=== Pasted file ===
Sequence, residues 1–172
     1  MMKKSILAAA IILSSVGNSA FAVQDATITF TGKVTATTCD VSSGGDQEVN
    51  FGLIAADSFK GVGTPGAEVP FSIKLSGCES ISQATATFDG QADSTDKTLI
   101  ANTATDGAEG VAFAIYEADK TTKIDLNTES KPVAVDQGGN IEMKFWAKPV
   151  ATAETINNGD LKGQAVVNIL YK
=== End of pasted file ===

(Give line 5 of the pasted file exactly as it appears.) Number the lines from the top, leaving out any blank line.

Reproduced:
   151  ATAETINNGD LKGQAVVNIL YK